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PESTS OF TOMATO . Dr. Jamba Gyeltshen 7/05/10. Adult moth Helicoverpa armigera (Lepidoptera: Noctuidae ). Host range . tomato peppers okra eggplant beans maize. Damage. Feed on tomato leaves and fruit. Larvae may also bore into stalks or midribs.

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PESTS OF TOMATO

Dr. Jamba Gyeltshen

7/05/10


Adult moth helicoverpa armigera lepidoptera noctuidae l.jpg
Adult moth Helicoverpa armigera (Lepidoptera: Noctuidae)


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Host range

  • tomato

  • peppers

  • okra

  • eggplant

  • beans

  • maize


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Damage

  • Feed on tomato leaves and fruit.

  • Larvae may also bore into stalks or midribs.

  • When fruit is present, larvae enter it soon after hatching. They prefer green fruit and will enter it usually at the stem end, causing extensive direct damage and result in decay.




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Egg

  • Eggs are tiny, hemispherical, and slightly flattened on top with coarse striations or ribs running from base to tip.

  • Fruitworm eggs are laid singly on both upper and lower surfaces of the leaves usually in the upper part of the plant.

  • When first laid they are creamy white, but develop a reddish brown ring after 24 hours.



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Colour variation

  • The young larvae are yellowish-white with a brown head and conspicuous black tubercles and hairs


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Management

  • Monitor eggs and small larvae. Choose leaves located below the highest open flower.

  • Avoid planting tomato along with maize or near maize fields to prevent heavy pest infestations

  • Insecticides: fenvalerate, cypermethrin and chlorpyrifos.


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Blister beetle (Epicauta spp)

  • Blister Beetles - slender gray or black beetles with red head, 1/2 to 3/4 inch long.




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Lifecycle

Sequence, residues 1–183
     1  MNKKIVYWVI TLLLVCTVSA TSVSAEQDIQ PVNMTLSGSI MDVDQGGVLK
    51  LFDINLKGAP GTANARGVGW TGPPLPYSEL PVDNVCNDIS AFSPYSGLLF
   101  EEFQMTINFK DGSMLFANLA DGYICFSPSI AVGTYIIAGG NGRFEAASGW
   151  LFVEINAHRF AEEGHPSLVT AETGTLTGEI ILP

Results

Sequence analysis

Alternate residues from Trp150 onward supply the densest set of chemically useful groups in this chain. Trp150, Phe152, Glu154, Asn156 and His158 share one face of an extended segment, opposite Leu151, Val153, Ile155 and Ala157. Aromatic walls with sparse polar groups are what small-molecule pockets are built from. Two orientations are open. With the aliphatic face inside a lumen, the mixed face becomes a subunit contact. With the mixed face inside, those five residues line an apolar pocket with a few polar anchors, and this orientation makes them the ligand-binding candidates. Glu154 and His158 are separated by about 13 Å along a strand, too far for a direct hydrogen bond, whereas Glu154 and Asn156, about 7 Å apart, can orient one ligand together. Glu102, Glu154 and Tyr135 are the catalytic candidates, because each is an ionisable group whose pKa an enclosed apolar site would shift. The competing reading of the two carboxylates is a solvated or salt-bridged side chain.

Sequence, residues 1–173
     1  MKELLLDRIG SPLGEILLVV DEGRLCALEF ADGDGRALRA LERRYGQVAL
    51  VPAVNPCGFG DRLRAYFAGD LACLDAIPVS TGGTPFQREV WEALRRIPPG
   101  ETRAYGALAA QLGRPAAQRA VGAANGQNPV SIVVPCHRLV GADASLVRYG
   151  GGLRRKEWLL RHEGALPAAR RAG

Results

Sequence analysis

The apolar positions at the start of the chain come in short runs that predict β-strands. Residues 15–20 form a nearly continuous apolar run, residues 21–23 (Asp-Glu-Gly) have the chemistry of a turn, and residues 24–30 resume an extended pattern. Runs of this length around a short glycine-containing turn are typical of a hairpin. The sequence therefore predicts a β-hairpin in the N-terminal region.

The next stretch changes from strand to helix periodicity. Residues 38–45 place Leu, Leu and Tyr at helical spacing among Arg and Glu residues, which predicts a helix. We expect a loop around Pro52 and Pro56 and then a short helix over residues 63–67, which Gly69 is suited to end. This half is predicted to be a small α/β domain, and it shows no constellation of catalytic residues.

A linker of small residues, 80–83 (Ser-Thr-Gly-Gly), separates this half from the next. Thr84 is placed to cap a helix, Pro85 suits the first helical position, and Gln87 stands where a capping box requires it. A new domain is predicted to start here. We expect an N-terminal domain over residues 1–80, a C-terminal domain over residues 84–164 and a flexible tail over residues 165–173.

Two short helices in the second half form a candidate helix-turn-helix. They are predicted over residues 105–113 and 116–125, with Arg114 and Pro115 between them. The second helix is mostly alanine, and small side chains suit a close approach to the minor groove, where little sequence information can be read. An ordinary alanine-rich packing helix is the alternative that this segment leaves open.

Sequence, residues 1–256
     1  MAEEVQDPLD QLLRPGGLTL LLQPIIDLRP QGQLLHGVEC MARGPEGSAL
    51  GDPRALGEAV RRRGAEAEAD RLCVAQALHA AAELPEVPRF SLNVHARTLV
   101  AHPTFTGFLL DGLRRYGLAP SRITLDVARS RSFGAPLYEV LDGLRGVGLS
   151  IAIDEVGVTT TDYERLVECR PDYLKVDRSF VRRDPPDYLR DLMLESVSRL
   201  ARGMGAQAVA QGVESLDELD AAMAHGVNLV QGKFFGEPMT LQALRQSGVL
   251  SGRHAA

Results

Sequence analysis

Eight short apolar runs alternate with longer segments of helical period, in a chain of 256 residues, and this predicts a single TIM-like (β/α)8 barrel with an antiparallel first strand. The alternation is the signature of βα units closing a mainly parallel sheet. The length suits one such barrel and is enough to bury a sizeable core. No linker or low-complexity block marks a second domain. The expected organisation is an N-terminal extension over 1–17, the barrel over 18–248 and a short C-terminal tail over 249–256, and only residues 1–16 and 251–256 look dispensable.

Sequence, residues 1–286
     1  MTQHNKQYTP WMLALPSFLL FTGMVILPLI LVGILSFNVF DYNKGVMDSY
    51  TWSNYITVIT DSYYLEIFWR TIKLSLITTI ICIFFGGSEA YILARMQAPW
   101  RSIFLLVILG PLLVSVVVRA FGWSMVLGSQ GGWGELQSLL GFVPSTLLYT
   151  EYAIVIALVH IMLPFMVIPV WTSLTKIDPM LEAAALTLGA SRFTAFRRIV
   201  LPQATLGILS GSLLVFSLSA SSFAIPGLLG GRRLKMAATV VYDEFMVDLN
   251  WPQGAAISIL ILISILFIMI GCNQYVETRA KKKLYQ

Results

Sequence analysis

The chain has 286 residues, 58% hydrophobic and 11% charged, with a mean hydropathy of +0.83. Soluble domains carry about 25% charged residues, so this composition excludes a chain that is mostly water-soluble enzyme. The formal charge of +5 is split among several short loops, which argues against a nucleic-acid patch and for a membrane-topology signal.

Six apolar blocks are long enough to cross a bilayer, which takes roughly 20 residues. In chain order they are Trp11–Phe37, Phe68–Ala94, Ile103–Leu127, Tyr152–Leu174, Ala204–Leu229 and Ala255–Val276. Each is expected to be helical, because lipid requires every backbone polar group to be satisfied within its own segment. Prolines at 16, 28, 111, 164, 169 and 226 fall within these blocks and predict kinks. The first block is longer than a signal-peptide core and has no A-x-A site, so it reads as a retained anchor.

• The adults eat the leaves of the plants and skeletonize the plants but the larvae feed on grasshopper eggs and are therefore somewhat beneficial.

  • They usually arrive late in the season (July-August) as mature adults that overwintered in the soil.

  • Each adult can lay 50-300 eggs in the soil which hatch 10-21 days later.

  • The larvae eat and molt thru 7 stages before returning to the soil for the winter.

  • They can be hand-picked but wear gloves as they extrude a caustic fluid in self-defense. Chemical controls include pyrethrins and 5% Sevin.


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Green peach aphid

Myzus persicae (Sulzer) (Insecta: Hemoptera: Aphididae


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Description

  • Soft-bodied and pear-shaped, ranging from 1.6 to 2.4 mm long

  • The wingless green peach aphid adult is pale-yellow to green. In the fall, color may range from pale- to dark-green to pink or red.

  • The winged migrant form has a yellowish green abdomen with a dark dorsal blotch.

  • Both forms have a pair of tailpipe like appendages known as cornicles.

  • Nymphs are slightly smaller than the adult but similar in shape. They are pale yellow-green with three, dark lines on the abdomen.


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Distribution and host range

  • Cosmopolitan

  • Infests a wide range of crops (tomato, chilli, potato, tobacco, cabbage, leafy green vegetables, legumes) and trees of Prunus spp. (Peach, plum, nectarine)


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Description of the pest

  • The green peach aphid is recognized by three longitudinal dark green stripes on the pale green body.


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Damage

  • The green peach aphid has piercing sucking mouthparts, and feeds by inserting these mouthparts into plant tissue and sucking out the sap.

  • The aphids injures plants in three ways.

  • First, feeding interferes with proper nutrient transfer in the plant.

  • Second, the green peach aphid can transmit over 100 plant diseases, including cucumber mosaic virus on peppers.


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Damage

  • Finally, aphids produce a large amount of excrement called honey dew because of its high sugar content. Honey dew sticks to the leaves and often becomes a substrate for fungus, which causes smutting of leaves and fruit.

  • Plants injured by aphid feeding will have leaves that appear curled, distorted and discolored.


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